The use of proteins and peptides in therapeutics has increased greatly over the past few decades, owing to multiple applications in the clinic. The categories themselves simply refer to large molecules that form the fundamental components of cells, while the differences between them relate to their size and structure. Proteins are the larger of the two, comprised of between 50 and 100 amino acids. Peptides, on the other hand, tend to have about 20.

“Proteins and peptides are regarded as excellent drugs because they work very specifically as therapies in low concentrations, and they don’t have a lot of side effects compared with smaller molecules,” explains David Brayden, professor of advanced drug delivery at University College Dublin. “I’d include antibodies too, because they’re just larger proteins.”

Fairly early in the Covid-19 pandemic, monoclonal antibodies (MABs) – synthetic proteins that act like human antibodies in the immune system – were identified as a potential treatment, and are now even used as a preventative measure in high-risk patients. Only one such product broke through into the clinic prior to the 1990s – but the number being used clinically has now reached 100.

This, alongside the fact that one in every three clinical trials now involves peptides or proteins, drives home just how much the field has evolved.

The oral barrier

This success has primarily related to injectable versions of peptides, proteins and antibodies, with around eight in ten therapies delivered subcutaneously and the remainder via IV. But neither of these methods is ideal when it comes to patient comfort, which is why the major challenge faced by researchers has been, and continues to be, overcoming poor bioavailability in oral protein and peptide delivery.

One benefit that could result from translating the advancements made with parenteral methods to oral delivery is medication adherence. According to a review published in the Annals of Internal Medicine, one in five patients don’t even f–ill their prescriptions and half of all patients with chronic conditions fail to take treatments in line with guidance.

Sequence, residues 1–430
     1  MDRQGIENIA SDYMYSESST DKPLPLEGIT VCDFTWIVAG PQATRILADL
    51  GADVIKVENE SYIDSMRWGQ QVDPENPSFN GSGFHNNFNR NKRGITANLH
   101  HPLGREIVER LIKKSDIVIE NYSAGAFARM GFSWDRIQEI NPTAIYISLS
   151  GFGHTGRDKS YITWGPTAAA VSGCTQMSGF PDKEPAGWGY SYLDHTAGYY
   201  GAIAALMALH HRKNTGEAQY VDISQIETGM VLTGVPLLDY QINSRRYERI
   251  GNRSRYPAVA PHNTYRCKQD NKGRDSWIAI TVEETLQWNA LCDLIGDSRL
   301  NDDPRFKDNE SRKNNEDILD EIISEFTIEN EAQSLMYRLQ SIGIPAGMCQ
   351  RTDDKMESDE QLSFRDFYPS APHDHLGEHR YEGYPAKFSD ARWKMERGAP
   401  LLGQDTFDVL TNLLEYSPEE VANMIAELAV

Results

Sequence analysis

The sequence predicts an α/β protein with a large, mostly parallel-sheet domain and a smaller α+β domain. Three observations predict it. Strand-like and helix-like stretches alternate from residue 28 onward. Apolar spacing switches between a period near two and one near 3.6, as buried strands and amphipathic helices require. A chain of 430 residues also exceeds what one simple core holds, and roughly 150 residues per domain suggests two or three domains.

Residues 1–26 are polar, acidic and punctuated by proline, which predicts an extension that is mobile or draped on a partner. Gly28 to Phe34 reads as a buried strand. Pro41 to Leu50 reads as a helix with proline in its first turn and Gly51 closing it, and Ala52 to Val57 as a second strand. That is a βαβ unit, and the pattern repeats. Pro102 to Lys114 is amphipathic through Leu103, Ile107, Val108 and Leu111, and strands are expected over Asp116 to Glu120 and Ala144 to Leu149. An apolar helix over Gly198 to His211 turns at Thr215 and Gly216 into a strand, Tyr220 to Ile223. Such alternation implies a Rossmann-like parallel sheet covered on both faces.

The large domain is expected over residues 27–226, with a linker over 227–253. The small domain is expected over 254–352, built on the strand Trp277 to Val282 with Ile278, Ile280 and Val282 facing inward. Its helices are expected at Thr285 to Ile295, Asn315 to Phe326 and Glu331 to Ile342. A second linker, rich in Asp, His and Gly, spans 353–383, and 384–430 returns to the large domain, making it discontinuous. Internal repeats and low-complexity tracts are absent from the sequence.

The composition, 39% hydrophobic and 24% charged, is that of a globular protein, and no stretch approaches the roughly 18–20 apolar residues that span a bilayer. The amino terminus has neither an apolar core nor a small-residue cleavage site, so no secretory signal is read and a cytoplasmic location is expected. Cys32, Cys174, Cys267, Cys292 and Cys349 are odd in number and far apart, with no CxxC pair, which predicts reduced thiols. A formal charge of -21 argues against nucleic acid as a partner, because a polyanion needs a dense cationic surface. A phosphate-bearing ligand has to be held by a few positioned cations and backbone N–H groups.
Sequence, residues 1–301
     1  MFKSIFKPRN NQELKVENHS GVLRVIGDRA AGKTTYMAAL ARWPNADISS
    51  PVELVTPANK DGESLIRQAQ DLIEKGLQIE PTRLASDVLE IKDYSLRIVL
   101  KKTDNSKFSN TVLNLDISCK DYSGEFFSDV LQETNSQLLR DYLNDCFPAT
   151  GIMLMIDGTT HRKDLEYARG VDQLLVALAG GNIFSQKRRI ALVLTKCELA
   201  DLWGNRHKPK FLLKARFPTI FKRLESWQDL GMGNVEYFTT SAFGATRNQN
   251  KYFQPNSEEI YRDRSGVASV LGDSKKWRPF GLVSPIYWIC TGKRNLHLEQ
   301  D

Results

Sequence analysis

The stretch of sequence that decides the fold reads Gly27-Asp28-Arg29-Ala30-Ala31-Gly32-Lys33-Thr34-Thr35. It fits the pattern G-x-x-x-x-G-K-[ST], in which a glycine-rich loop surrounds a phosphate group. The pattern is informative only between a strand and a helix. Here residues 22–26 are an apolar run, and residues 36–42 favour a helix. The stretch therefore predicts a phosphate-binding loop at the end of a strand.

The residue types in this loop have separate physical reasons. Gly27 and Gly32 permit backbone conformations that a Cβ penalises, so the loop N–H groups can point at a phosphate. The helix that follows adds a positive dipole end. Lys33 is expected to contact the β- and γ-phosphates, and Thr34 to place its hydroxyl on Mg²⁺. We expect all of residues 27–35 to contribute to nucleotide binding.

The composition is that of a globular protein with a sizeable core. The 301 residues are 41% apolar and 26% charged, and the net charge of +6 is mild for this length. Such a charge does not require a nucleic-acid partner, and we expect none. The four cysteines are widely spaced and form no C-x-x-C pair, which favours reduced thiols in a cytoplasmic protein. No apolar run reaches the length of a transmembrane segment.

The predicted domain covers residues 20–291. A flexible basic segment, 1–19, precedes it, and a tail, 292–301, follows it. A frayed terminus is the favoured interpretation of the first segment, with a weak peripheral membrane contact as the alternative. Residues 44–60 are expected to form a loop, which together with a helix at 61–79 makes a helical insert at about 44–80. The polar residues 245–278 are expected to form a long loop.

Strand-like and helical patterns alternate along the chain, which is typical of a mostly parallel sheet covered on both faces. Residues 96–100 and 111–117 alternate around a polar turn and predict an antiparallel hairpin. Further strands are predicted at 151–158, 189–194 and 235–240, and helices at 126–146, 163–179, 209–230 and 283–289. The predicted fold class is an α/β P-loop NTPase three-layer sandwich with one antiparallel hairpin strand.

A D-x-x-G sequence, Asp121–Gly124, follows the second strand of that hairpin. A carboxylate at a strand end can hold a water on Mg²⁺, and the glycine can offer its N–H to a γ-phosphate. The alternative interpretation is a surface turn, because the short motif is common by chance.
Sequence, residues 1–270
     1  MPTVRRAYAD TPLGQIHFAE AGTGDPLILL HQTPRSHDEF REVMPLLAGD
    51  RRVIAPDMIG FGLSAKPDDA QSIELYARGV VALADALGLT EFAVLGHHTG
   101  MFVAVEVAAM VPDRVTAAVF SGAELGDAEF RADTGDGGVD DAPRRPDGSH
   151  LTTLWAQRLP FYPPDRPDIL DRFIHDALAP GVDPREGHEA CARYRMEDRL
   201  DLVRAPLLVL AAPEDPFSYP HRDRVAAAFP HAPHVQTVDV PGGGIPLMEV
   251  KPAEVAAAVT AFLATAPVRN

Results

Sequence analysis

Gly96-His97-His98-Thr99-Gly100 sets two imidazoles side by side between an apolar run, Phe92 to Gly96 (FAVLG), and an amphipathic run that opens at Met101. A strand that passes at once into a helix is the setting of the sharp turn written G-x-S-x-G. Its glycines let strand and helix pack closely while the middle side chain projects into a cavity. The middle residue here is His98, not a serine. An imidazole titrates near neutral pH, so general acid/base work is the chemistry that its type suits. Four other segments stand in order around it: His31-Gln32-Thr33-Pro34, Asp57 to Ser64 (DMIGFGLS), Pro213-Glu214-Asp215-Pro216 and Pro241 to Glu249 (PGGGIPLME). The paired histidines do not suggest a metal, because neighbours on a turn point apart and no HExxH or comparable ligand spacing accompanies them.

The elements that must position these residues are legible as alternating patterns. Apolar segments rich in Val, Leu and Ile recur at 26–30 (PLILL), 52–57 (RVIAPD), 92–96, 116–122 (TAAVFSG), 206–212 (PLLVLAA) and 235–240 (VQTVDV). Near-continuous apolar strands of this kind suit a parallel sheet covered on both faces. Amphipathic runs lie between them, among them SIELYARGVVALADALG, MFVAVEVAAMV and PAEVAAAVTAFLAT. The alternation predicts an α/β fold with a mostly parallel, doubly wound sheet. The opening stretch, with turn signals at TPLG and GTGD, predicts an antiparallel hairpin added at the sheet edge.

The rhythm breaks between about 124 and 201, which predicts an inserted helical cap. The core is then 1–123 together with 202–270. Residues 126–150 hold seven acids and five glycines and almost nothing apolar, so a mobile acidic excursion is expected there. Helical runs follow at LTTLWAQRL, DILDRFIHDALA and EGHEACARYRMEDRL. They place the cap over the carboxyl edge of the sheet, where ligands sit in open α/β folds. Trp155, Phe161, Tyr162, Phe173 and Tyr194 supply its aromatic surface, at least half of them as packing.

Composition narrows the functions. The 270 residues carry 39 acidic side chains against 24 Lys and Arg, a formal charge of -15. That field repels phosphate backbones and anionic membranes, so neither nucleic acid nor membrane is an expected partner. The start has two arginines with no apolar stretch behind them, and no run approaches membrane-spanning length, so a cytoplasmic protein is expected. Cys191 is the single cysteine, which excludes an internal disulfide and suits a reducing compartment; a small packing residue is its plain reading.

If we look at this knowledge in the context of multiple other studies that have shown patients prefer to swallow pills over more invasive forms of delivery – which is hardly a surprise, it’s not difficult to imagine oral protein and peptide treatments reducing medication nonadherence.

When it comes to the challenge of oral bioavailability, unfavourable physicochemical properties, such as enzymatic degradation, large molecular weights and poor membrane permeability, all contribute. These issues were largely overcome for parenteral administration, in some cases thanks to excipients that help to preserve the protein structure – but for oral delivery, the gastrointestinal (GI) tract remains a barrier.

“If you think about the epithelial membranes all around the body, in the gut and airways small molecules will cross because they are quite lipophilic,” says Brayden. “The big challenge for peptides and proteins is getting enough across to achieve the levels you would get with a parenteral.”

That isn’t the only issue; permeation is just the start. “On these other surfaces, like in the stomach, you’ve got acid and all of these enzymes coming out of your pancreas into the small intestine, as well as mucus,” says Brayden. “All of these are going to interfere with a protein or peptide getting across the gut wall, so you have metabolic issues too.”

Small pills, big business